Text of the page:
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Cerebrovascular disorders in diabetes

Cerebrovascular disorders are brain infarction, cerebral haemorrhage or transient ischaemic attack. Diabetes increases the risk of cerebrovascular diseases.

Cerebrovascular disorders are also called cerebrovascular accidents or CVA. The abbreviation of temporary cerebrovascular disorder is TIA (Transient Ischaemic Attack). A TIA incident can be a sign of an impending brain infarction. That is why it is also important to seek immediate treatment if you have a TIA incident.

The main reason for cerebrovascular disorders is a narrowing of the major cerebral arteries or carotid arteries due to atherosclerosis. Roughly a fourth of cerebrovascular disorders are caused by a blockage of the brain’s small blood vessels. A blood clot can form in the narrowed section, blocking the flow of blood. Atrial fibrillation can also involve a clot developing in the heart and travelling to the brain.

Diabetes involves a 2–6 times higher risk of brain infarction. In nearly 30% of brain infarct or TIA cases, the patient was diagnosed with an increased blood sugar. To some degree, this is because diabetes is common in the elderly. On the other hand, a person with diabetes is more likely to have risk factors or medical conditions that predispose to cerebrovascular disorders.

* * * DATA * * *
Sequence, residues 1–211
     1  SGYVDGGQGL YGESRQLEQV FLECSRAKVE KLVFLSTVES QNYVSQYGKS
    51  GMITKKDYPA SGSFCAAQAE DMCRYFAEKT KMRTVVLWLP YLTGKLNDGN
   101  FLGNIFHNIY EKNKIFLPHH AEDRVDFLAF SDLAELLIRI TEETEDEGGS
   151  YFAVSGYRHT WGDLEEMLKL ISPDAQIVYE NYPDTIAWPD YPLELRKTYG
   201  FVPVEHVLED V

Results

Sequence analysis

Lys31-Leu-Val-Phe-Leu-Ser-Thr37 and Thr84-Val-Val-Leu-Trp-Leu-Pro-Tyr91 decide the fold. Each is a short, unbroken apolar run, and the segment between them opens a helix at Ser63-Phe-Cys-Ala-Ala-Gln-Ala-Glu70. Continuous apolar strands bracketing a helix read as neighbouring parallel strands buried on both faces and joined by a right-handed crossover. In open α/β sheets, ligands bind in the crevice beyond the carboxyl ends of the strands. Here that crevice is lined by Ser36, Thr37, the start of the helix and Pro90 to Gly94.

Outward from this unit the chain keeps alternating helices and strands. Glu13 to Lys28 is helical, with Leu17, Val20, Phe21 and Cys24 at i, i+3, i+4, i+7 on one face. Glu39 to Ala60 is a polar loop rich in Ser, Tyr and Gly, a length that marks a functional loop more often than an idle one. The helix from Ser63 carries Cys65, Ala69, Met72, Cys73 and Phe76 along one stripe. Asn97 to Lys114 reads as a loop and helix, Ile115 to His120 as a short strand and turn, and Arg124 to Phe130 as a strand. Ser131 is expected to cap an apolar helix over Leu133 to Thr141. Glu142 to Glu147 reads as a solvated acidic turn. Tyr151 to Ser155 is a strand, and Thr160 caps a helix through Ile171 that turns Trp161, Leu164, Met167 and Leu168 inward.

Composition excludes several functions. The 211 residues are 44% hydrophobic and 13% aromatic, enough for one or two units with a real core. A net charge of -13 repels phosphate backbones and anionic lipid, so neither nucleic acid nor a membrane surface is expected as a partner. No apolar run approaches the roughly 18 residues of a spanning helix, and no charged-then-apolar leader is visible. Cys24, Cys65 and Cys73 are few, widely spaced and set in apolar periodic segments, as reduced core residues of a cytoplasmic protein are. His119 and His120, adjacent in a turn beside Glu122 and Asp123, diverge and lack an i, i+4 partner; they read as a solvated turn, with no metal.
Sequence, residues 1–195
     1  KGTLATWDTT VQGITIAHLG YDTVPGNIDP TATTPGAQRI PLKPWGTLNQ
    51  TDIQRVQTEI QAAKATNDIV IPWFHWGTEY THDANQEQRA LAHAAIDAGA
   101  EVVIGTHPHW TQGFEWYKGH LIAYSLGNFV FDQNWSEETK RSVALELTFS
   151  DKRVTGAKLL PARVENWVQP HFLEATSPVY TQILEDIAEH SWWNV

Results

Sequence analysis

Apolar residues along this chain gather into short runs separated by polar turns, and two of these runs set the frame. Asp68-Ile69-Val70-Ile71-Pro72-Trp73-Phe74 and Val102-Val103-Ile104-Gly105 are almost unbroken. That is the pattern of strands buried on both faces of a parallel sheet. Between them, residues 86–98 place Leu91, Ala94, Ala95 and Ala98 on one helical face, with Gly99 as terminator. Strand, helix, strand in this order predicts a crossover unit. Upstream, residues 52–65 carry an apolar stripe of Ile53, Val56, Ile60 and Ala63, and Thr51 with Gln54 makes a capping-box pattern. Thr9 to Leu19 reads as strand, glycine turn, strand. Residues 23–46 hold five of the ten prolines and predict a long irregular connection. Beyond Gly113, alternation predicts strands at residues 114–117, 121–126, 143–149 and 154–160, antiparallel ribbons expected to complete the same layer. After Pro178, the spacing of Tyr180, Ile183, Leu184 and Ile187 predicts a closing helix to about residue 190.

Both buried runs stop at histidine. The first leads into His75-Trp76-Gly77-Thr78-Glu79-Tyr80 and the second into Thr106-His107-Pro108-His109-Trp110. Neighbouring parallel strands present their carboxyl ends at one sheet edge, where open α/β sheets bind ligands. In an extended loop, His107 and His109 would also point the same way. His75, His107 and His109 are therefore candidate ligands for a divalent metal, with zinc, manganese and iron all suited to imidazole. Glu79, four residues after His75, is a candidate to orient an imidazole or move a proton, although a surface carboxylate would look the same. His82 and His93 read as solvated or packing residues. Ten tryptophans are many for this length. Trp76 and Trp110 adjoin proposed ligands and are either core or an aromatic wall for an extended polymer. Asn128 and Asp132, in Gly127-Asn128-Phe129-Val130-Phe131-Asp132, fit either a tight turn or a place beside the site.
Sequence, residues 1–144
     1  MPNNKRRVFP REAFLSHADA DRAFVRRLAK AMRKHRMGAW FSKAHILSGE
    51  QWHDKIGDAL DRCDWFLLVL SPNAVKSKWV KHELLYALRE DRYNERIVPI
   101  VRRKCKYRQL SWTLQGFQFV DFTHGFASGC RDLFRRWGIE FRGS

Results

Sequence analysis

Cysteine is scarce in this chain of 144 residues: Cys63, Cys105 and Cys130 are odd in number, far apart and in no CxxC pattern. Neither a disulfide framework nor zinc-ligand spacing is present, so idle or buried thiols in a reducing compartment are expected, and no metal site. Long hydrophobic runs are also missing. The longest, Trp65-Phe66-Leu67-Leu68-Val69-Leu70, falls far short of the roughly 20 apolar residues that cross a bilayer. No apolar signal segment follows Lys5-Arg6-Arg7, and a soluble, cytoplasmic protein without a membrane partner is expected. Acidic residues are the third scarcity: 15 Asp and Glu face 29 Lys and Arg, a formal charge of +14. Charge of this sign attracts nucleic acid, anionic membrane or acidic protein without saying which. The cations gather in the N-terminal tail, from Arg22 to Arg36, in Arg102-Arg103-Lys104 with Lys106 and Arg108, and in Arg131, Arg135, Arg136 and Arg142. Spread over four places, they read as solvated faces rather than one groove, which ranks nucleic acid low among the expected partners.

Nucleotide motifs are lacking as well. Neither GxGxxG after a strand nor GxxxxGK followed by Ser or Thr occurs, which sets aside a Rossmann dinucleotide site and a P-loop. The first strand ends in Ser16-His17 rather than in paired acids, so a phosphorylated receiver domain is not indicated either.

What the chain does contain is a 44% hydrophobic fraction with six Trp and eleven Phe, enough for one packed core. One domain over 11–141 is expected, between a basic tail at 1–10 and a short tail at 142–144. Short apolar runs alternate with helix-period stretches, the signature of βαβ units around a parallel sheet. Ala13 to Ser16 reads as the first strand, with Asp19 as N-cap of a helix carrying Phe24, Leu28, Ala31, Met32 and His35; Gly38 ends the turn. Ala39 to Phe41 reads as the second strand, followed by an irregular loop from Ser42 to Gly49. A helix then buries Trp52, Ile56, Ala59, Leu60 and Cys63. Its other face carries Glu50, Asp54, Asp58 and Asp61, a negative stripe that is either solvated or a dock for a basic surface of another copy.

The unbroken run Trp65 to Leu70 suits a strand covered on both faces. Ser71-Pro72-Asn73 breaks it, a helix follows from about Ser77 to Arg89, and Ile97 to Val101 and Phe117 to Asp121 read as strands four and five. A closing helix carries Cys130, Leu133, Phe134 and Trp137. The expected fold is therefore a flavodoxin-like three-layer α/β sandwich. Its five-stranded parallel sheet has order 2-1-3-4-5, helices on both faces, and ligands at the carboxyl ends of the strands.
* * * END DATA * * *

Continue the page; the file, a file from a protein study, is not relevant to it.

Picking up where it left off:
Vascular dementia can occur as a result of conditions that affect either the large or small blood vessels in the brain. Diabetes increases the risk of vascular dementia.

The most important treatable cerebrovascular disorder risk factor is high blood pressure, i.e. hypertension. The risk is also increased by chronically high blood sugar and LDL cholesterol, smoking, obesity and sleep apnoea. Proper treatment of blood sugar and blood pressure combined with cholesterol medication is an effective way to reduce cerebrovascular disorders.

Healthy lifestyle choices supporting good diabetes therapy can also reduce the risk of cerebral arteriosclerosis and cerebrovascular accidents. Of the above, non-smoking, weight control, moderate alcohol use, a healthy diet that is good for your heart health and blood sugar as well as daily exercise are part of holistic cerebrovascular accident prevention, treatment and rehabilitation.

Updated 30.9.2023